Evaluating and Treating Zero Sperm in Males (Azoospermia)


Evaluating and Treating Zero Sperm in Males (Azoospermia)

Azoospermia describes a condition in men where there is no sperm in semen. It is a potential infertility concern and accounts for 10-15% of all infertile men. Your physician may suspect the condition when no pregnancy has occurred after a year of unprotected sex and after a semen analysis test has reported Azoospermia. About 1% of men may suffer from azoospermia or no sperm in their semen analysis.

The Diagnosis and Cause of Azoospermia

Diagnosing Azoospermia

Semen analysis is a test where the semen of a male is analysed for various factors such as sperm concentration, sperm motility and sperm morphology. There are cases when a man can produce semen, however, the same is absent of any sperm cells. A single semen analysis report mentioning Azoospermia cannot be the sole diagnosis and the patient is recommended to repeat the semen analysis at a standardised laboratory before confirming this condition of Azoospermia.

Semen analysis for azoospermia is a laboratory process called centrifugation that separates the constituents of seminal fluid by spinning. As the fluid rotates rapidly, denser particles move away from the center. Technicians inspect this sediment for sperms. According to the WHO laboratory manual for evaluating human semen, no sperm in the residue indicates an azoospermic sample. A fructose test is done for patients who have azoospermia as the presence of fructose in the sample is an indication of sperm production.

What to Expect from a Doctor Consultation for Azoospermia

Consultation with a doctor is required to find the exact cause of azoospermia. Your physician may examine your medical history, perform a physical examination, request blood tests, and obtain semen samples to repeat the semen analysis test.
A physical assessment for azoospermia is the first step of diagnosis. Providing an accurate medical history helps your physician discover injuries or surgeries in your pelvic area, any record of childhood illnesses, medication use or chemotherapy exposure, infections of the urinary tract or reproductive duct, and familial diseases such as cystic fibrosis. In addition, he may require information on alcohol or drug intake and exposure to excessive heat.Your physician may use discretion to perform diagnostic tests for azoospermia such as measuring hormone levels, performing genetic testing, imaging the brain and reproductive organs, or collecting testicular tissue for a biopsy to discover the cause of male infertility.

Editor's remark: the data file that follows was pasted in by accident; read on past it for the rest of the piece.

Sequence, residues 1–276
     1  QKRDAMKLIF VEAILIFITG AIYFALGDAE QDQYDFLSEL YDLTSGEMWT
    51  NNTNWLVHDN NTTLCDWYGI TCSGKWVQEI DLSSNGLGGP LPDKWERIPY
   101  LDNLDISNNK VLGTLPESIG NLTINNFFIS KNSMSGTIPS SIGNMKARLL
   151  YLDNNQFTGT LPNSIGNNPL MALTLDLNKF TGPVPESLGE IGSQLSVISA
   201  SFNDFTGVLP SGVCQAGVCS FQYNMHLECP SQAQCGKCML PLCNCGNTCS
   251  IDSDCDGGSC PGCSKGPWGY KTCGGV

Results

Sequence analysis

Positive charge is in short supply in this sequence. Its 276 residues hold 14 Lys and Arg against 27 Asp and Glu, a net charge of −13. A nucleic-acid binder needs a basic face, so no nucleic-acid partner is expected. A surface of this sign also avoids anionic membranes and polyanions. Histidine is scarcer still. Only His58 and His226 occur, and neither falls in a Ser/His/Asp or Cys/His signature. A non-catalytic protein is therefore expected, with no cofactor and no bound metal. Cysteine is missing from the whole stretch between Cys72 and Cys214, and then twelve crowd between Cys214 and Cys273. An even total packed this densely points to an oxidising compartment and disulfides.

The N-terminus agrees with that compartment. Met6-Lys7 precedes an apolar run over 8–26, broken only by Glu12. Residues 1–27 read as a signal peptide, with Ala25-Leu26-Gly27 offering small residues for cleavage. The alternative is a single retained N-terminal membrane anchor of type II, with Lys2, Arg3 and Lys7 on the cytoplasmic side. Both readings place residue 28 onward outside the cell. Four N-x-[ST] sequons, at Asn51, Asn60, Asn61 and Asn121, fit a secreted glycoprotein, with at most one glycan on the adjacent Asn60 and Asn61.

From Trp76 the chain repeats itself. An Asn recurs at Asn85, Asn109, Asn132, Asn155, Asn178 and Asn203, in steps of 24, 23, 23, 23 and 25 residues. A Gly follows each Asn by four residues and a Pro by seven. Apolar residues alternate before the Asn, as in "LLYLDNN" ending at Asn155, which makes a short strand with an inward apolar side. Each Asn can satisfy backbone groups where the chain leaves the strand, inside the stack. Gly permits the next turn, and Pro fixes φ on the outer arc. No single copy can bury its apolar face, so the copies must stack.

Obstructive and Non-Obstructive Azoospermia

Physicians generally classify the basis of this condition by naming it obstructive azoospermia or non-obstructive azoospermia. In normal conditions, testicles produce sperms and a tube called epididymis stores them. Sperms then move into the vas deferens where they mix with semen produced from the prostate gland. Finally, semen moves out through the urethra and penis. In obstructive azoospermia, testicles produce sperm normally, but sperm cannot flow out due to blocked tubes. In non-obstructive azoospermia, the problem occurs with sperm production and leads to no sperms or low sperm count.
Obstructive azoospermia happens when:

  • A vasectomy blocks sperm ducts intentionally to stop semen from flowing
  • Infections of prostate, testicles, or epididymis block the male reproductive system
  • Males are born with prostate cysts or missing portions of their vas deferens
  • Surgical procedures executed to correct conditions such as a hernia produce scar tissue that obstructs the reproductive tract.

In most other cases, the cause of non-obstructive azoospermia is:

  • Abnormal function of the testicles or reproductive hormones
  • Genetic causes linked to an extra X chromosome, or missing genes on the Y-chromosome
  • Varicose veins forming around testicles (varicocele) that affect the count and quality of sperms
  • Lowered sperm production in the testicles (hypospermatogenesis) leading to zero sperm or azoospermia
  • Inadequate development or maturation of the sperm
  • Other factors including chemotherapy, diabetes, sickle-cell anemia, steroid intake, and exposure to toxins

Treatment Strategies for Azoospermia

To restore male sexual health, a physician may treat male infertility by counseling, hormone treatment, reconstruction of obstruction, or sperm retrieval and assisted reproductive techniques. Depending on the nature of your condition, a doctor may attempt to restore male sexual health using one of the following treatment approaches.

  • Counseling on a healthy lifestyle and avoiding medication and toxins as a holistic first-line of treatment
  • Performing endoscopic surgery, microsurgery or assisted reproductive techniques for obstructive azoospermia
  • Administering hormones to stimulate sperm production in the case of hormonal imbalance
  • Retrieving sperm from the testis to fertilize the eggs in a laboratory procedure

As a final thought, it is possible to prevent male infertility from azoospermia if you avoid exposure to radiation, hot temperatures, and medication that may harm production of sperm. Maintaining optimal male sexual health certainly helps lower the risk of zero sperm count.

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